Among the various foods associated with foodborne illness, cantaloupes—or muskmelons—have been implicated in more than 25,000 individual cases in the United States since 1990.
The problem lies in cantaloupes’ rough outer netting, which is known to harbor human-illness pathogens and defy sanitation measures. Microbes can hide in the netting’s crevices, covered by naturally forming biofilms that protect them from sanitizers. When netted melons are cut, any microbes present on the exterior can be transferred to the inner flesh.
For organic melon growers—who use manure as fertilizer—this is a major concern. The organic melon market is a relatively new one, but at its forefront are ARS scientists searching for new ways to solve this food-safety problem.
Plant physiologist Gene Lester, in the Crop Quality and Fruit Insects Research Unit at Weslaco, Texas, leads a team of ARS scientists developing ways to reduce foodborne illness associated with cantaloupe. They suggest that netted cantaloupes be replaced with nonnetted melon genotypes, such as an orange-fleshed honeydew (Cucumis melo, Inodorus group). This kind of melon is a cross between a cantaloupe and a honeydew. The smooth-skinned honeydew types don’t carry the same consumer risk as melons with rough outer netting.
Another benefit of these melons is their nutrient content. Until recently, little has been known about how the health-promoting phytochemicals or antioxidant capacity of orange-fleshed honeydews compare to those of netted cantaloupes. Lester’s collaborations have shown that orange-fleshed melons contain higher amounts of vitamins (C, A, and folic acid), minerals (calcium, iron, magnesium, and potassium), and antioxidants (phenolics and enzymes).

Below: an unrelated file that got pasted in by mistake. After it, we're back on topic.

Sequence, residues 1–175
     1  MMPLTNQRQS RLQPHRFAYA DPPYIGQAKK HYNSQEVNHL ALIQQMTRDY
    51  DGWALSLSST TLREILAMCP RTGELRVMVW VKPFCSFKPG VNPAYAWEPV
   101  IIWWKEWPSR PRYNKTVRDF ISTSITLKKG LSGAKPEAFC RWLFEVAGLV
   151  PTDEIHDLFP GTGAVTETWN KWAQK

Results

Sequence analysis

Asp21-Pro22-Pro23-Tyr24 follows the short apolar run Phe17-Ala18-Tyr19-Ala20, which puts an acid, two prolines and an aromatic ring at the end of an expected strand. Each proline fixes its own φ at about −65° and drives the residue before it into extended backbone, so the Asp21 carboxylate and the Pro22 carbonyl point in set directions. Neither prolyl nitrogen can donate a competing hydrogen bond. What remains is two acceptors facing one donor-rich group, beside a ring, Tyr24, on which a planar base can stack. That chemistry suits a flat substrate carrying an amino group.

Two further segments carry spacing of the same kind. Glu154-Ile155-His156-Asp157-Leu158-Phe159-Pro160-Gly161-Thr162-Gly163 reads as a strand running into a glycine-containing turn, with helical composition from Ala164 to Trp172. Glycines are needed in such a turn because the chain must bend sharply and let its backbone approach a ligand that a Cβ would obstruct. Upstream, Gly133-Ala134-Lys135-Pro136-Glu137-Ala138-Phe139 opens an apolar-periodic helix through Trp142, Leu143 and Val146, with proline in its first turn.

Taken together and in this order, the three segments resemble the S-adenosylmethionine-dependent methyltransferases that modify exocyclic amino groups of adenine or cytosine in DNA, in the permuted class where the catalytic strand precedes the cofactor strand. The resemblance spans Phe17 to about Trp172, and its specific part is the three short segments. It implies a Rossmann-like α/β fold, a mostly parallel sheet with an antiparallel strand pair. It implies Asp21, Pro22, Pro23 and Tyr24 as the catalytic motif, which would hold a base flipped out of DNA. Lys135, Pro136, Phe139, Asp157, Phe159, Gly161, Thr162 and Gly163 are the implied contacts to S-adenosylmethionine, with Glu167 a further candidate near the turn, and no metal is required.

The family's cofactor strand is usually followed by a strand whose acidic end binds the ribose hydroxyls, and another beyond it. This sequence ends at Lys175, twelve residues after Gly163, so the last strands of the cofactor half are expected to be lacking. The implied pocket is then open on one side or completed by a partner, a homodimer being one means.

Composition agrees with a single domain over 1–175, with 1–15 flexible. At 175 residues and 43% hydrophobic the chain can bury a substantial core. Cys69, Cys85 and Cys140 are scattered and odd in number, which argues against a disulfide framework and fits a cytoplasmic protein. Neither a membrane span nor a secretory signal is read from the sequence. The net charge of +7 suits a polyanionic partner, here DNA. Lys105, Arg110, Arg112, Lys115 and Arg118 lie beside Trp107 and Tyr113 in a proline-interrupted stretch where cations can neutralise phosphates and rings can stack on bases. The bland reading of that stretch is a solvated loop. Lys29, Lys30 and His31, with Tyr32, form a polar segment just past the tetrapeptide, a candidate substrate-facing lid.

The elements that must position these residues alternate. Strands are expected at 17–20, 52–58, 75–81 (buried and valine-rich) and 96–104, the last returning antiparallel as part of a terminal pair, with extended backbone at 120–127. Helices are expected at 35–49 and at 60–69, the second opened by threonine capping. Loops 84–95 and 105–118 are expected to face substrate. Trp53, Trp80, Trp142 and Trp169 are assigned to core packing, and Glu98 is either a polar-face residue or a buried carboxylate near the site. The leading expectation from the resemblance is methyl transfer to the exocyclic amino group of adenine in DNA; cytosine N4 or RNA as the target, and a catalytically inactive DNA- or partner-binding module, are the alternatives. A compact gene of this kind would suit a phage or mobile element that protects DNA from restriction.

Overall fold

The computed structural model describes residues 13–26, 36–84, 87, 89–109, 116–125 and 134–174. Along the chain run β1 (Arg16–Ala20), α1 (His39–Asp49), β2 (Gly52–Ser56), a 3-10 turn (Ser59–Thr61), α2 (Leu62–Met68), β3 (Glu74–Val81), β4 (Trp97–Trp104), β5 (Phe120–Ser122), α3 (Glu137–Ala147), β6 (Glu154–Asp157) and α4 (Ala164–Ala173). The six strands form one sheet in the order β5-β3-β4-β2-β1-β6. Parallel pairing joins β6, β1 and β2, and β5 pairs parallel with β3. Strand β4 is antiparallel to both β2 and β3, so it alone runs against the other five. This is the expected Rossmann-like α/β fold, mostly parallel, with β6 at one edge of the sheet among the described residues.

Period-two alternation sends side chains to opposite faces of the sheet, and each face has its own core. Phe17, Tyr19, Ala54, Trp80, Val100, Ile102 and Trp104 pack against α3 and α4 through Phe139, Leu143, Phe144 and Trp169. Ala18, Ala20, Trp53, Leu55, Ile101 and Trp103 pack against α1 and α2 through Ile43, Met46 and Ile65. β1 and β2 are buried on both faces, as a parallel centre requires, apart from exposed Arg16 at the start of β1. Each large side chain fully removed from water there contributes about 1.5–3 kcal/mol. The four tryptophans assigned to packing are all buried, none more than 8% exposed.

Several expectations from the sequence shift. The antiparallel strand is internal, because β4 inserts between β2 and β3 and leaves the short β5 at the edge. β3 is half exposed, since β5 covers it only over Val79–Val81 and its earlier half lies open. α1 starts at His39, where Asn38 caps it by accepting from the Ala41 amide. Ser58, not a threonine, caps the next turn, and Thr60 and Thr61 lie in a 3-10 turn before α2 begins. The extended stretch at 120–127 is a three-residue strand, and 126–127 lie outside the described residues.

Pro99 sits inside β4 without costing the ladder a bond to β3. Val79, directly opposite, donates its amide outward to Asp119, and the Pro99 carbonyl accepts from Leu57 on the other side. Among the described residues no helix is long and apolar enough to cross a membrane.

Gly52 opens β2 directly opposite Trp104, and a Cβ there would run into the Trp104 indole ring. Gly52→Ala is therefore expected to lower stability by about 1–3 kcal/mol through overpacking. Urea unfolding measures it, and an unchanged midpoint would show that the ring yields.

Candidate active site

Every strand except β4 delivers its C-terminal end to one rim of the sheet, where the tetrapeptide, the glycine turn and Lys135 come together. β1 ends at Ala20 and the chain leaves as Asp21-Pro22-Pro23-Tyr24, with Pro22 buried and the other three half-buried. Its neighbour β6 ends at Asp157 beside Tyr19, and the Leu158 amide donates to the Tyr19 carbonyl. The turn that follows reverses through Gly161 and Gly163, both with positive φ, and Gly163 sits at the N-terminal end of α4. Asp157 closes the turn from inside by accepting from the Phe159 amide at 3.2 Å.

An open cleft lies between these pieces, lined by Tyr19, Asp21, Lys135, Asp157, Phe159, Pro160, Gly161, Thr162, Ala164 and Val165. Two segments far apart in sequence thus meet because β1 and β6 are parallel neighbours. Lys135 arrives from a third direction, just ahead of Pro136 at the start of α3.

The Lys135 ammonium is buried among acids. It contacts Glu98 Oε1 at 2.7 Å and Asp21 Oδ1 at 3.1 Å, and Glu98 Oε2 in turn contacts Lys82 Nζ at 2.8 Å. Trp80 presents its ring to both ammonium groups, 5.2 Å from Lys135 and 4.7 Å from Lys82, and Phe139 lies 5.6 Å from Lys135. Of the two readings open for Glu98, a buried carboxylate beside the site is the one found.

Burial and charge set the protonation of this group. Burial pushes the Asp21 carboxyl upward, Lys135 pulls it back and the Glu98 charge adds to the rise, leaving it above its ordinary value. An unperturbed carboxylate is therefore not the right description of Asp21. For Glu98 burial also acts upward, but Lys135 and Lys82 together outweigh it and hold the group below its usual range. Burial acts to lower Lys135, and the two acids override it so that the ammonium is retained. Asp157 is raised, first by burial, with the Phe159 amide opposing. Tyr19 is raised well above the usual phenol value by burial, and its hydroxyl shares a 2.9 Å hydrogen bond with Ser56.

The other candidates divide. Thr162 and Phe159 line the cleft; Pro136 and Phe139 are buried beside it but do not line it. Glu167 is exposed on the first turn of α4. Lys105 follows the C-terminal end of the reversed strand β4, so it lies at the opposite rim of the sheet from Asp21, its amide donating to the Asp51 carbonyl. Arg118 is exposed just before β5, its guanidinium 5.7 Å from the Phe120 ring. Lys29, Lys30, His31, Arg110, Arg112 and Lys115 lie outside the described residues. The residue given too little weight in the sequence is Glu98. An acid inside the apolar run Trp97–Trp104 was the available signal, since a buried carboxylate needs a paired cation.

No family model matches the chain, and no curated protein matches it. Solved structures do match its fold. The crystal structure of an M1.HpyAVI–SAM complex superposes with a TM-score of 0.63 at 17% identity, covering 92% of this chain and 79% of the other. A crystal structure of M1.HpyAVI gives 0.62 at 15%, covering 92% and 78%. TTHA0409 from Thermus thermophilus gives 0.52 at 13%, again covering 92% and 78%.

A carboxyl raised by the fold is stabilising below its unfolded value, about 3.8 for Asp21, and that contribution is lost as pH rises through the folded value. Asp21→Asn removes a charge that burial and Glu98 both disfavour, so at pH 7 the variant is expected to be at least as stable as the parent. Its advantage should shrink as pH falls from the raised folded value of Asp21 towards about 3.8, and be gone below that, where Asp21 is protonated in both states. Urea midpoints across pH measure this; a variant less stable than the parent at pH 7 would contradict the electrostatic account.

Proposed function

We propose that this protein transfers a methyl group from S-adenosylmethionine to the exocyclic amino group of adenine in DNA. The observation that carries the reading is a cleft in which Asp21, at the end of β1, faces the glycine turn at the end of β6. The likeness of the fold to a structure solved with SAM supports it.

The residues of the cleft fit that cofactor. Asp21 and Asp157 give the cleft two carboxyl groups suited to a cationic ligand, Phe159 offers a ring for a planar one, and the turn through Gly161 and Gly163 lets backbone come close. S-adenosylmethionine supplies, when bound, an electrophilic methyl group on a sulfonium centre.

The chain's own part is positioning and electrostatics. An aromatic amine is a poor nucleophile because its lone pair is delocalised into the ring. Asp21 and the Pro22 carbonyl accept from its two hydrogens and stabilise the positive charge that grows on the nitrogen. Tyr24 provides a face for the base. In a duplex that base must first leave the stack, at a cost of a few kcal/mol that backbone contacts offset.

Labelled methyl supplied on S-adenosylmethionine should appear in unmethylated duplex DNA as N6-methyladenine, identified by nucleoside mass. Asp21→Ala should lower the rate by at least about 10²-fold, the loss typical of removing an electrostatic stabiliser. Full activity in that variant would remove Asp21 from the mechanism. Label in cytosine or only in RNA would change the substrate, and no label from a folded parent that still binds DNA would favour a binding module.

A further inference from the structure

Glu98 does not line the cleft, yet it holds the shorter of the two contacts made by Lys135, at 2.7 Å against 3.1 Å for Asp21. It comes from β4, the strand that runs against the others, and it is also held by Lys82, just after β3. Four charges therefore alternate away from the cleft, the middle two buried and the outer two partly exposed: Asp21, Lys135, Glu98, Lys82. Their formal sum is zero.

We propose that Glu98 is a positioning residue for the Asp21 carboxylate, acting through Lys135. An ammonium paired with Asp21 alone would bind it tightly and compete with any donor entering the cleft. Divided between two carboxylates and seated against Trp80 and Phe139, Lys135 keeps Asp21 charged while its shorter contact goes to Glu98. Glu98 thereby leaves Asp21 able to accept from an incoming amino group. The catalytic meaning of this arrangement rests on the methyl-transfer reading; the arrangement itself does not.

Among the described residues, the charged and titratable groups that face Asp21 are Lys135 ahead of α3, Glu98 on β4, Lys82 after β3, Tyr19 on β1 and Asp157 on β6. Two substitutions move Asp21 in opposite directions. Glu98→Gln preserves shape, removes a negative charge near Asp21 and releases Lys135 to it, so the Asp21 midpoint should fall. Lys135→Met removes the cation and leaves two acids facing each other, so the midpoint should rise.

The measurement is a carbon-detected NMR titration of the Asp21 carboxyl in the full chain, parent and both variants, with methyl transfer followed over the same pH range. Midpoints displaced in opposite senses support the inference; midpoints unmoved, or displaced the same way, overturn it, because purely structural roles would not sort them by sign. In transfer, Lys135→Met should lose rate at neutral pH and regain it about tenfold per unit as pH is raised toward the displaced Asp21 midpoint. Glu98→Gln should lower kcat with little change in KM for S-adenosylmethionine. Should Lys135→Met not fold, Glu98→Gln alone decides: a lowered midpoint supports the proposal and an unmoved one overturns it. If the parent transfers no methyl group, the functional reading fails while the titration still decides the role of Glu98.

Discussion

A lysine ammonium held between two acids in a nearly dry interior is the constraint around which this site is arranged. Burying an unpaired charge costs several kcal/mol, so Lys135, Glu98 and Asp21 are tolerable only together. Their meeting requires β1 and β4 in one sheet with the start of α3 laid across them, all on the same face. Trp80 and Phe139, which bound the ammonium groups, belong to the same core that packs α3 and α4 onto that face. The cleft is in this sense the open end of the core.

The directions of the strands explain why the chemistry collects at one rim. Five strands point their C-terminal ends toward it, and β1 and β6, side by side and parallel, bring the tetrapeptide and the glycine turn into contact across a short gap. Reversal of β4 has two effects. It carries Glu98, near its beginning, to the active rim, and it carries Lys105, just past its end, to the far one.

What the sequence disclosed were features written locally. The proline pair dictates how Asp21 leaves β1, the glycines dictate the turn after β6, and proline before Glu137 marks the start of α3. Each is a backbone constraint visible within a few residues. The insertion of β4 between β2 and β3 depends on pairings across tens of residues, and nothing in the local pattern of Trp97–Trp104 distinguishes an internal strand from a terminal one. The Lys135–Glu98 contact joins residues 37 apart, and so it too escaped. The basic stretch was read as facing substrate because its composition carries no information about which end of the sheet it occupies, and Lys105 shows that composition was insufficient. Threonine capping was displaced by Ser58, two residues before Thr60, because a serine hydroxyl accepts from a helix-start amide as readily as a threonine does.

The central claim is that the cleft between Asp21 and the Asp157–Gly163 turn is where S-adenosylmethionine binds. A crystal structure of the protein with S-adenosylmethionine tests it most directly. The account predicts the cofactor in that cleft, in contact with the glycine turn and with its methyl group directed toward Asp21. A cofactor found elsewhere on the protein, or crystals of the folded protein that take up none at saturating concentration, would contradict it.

Current work with Earl Harrison, chair of human nutrition at Ohio State University-Columbus and former research leader of the ARS Phytonutrients Laboratory in Beltsville, Maryland, is comparing the beta-carotene in cantaloupes and orange-fleshed honeydews to that in carrots and sweetpotatoes. It is expected that the beta-carotene in fruit—particularly warm-season fruit like melons—will be better absorbed, or more bioavailable, than that in vegetable crops. Melons may equal carrots when it comes to exceeding the recommended daily amounts of beta-carotene.
“Orange-fleshed honeydews could easily be marketed as specialty produce in retail supermarkets,” says Lester. “That’s where their superior sweetness, color, taste, and nutritional levels could be capitalized on.” The melons store well, too—around 3 weeks, compared to 10 to 14 days for a typical netted cantaloupe in simulated commercial retail storage.
One cultivar, Orange Dew, is being grown organically in limited quantities in the United States. It has already won out in a taste test with the netted Cruiser cantaloupe because it is sweeter. Orange Dew has a Brix—a measurement of sweetness—of 11 to 14, compared to 9 for most cantaloupes. Sweetness has been shown to be the most important taste factor in repeat purchase of melons.—By Alfredo Flores, Agricultural Research Service Information Staff.
This research is part of Quality and Utilization of Agricultural Products, an ARS national program (#306) described on the World Wide Web at www.nps.ars.usda.gov.
"Orange-Fleshed, Organic Honeydews!" was published in the November/December 2007 issue of Agricultural Research magazine.